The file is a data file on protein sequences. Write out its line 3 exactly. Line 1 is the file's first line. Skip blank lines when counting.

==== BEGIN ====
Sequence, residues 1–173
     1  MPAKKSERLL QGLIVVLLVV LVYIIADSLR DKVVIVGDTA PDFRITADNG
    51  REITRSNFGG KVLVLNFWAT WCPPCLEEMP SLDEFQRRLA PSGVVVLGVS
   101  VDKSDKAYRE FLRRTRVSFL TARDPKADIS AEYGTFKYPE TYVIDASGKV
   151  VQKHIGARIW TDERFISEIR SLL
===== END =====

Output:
    51  REITRSNFGG KVLVLNFWAT WCPPCLEEMP SLDEFQRRLA PSGVVVLGVS